Thursday, February 21, 2008

McCain's Commitments

I am willing, for now at least, to give John McCain the benefit of the doubt on whether he actually had extra-marital sex with a lobbyist, as the now-famous New York Times article rather periphrastically implies. I don't care about John McCain's sex life, and actually I'd prefer not to think of it at all. Insofar as the media saturation forces me to think about it, I am pleased that nothing appears to have happened in public restrooms, and that it seems to have involved consenting adults. Still, ew.

I grant this because, to my knowledge -- perhaps only by undeserved reputation -- McCain has not been among the screaming moralistic zealots of the Wide Stance party. He had this to say when voting for conviction during president Clinton's impeachment:

I do not desire to sit in judgement of the President's private misconduct. It is truly a matter for him and his family to resolve. I sincerely wish circumstances had allowed the President to keep his personal life private. I have done things in my private life that I am not proud of. I suspect many of us have. But we are not asked to judge the President's character flaws. We are asked to judge whether the President, who swore an oath to faithfully execute his office, deliberately subverted--for whatever purpose--the rule of law.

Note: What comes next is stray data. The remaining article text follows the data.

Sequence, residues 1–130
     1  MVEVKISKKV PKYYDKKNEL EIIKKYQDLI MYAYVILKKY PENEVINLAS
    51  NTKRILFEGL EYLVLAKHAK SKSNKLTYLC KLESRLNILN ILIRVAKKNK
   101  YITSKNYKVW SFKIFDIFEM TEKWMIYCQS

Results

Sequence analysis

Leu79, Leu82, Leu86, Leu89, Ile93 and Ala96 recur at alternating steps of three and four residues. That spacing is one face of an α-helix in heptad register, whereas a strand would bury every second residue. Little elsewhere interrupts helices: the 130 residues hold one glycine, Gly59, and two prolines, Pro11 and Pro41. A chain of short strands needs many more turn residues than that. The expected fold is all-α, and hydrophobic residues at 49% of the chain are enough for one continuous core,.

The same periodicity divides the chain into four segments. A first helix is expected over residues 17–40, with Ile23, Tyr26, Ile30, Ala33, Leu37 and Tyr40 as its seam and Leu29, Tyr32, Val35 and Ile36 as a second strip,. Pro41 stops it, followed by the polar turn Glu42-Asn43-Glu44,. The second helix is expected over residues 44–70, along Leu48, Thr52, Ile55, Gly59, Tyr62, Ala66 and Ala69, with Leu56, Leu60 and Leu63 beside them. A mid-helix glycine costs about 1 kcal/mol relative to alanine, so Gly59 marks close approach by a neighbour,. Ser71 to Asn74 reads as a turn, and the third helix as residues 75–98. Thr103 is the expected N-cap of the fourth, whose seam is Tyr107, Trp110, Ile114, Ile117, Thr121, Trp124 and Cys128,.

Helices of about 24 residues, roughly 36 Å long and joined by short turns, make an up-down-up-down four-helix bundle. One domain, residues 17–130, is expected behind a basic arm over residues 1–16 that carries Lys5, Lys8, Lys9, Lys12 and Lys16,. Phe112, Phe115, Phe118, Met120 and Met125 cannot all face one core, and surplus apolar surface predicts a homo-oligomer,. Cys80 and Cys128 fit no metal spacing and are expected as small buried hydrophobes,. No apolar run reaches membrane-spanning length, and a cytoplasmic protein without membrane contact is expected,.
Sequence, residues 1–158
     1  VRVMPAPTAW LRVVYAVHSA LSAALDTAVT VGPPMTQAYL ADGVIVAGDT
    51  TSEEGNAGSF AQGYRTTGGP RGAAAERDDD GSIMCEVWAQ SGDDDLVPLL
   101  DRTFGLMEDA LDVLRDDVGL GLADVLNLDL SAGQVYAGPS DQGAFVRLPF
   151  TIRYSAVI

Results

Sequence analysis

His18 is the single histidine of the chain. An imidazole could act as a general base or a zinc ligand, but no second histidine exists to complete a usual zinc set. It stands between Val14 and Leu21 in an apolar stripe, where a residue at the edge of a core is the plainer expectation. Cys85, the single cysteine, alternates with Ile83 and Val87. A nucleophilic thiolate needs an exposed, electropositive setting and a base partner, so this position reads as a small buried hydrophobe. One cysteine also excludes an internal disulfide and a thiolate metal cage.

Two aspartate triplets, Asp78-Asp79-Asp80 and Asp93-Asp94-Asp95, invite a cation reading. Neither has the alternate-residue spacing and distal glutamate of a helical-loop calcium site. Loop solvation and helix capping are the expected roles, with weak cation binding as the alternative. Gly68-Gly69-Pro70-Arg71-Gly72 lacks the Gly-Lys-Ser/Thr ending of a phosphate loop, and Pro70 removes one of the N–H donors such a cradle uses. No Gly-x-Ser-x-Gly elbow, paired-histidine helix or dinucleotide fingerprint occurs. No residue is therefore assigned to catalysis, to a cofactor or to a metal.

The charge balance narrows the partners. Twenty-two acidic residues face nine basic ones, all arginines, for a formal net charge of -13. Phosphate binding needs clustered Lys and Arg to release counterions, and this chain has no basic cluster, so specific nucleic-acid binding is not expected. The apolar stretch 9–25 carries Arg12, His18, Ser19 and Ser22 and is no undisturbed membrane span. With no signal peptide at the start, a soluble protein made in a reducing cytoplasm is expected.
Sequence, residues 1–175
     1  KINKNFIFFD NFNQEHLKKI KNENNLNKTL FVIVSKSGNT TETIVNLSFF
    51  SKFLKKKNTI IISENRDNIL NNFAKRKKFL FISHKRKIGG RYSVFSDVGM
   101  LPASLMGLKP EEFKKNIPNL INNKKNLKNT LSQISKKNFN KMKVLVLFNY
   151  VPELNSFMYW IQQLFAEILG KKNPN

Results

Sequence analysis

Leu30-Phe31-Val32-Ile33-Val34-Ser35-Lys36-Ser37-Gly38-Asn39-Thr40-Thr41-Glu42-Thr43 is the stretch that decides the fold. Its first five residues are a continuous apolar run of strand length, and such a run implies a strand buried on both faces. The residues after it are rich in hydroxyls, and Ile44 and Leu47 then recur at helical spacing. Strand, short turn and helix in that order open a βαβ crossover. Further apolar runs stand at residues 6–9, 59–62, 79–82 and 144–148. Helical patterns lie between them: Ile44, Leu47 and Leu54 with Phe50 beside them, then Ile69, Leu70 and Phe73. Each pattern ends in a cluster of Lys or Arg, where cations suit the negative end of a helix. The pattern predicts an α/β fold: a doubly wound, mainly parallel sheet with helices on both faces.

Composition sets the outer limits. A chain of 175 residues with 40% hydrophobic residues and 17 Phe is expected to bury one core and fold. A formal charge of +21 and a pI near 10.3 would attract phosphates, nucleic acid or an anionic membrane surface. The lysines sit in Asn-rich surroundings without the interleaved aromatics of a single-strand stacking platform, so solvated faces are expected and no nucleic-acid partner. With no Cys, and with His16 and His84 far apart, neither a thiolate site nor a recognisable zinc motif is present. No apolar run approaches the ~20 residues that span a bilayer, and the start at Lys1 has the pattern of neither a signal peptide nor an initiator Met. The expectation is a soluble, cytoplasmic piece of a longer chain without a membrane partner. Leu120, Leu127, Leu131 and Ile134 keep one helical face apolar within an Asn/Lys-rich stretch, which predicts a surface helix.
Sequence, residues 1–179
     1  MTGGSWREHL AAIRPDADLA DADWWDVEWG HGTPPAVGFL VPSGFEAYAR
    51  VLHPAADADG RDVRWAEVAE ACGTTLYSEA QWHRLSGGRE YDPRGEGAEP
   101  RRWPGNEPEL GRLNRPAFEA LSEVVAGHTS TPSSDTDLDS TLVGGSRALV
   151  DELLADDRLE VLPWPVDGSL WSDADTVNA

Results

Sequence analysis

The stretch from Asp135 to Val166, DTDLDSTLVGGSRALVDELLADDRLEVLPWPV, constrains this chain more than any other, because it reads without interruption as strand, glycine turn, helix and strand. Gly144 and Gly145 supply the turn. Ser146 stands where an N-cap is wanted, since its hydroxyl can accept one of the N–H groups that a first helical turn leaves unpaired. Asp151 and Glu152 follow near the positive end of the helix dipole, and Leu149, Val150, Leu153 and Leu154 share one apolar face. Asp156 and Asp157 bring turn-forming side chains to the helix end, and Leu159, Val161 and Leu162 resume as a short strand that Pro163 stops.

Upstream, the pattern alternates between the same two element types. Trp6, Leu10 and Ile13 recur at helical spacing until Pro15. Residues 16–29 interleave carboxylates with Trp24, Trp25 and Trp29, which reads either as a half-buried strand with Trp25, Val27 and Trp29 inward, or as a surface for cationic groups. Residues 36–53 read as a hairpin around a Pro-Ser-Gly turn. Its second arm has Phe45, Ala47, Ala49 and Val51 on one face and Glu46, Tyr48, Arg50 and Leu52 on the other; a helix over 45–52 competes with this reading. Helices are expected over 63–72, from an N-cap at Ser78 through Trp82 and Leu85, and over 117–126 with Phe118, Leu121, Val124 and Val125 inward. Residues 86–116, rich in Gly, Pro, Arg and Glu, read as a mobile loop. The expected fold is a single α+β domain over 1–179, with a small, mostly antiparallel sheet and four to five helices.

I think this is a few steps short of actual straight talk -- the Clinton impeachment was, from first to last, an exercise in using personalized attacks as a proxy for political differences -- but by the standards of the rhetoric of that impeachment, this is a passable rationale for a 'convict' vote. So I am willing to move on from McCain's private life.

Accordingly, there are bigger matters afoot. McCain's statement in response to the story includes a rather bold assertion that does go to the heart of his self-presentation as a maverick politician of exceptional integrity:
John McCain has a 24-year record of serving our country with honor and integrity. He has never violated the public trust, never done favors for special interests or lobbyists, and he will not allow a smear campaign to distract from the issues at stake in this election. "Americans are sick and tired of this kind of gutter politics ..." [emphasis mine]
Never is a strong word, and I would be amazed if this claim can stand up to scrutiny. He should be held to account for the truthfulness of that claim.

The other claim is just as strong: that he will not allow a smear campaign to distract from the issues. Note that he does not specify the smear campaign currently under discussion. He should be held accountable to his commitment to keep smear campaigns -- "gutter politics" -- from distracting from the issues. If he only applies that standard in his own defense, then he will prove to be dishonest and hypocritical, contrary to the "maverick with integrity" persona on which his candidacy is so centrally based.

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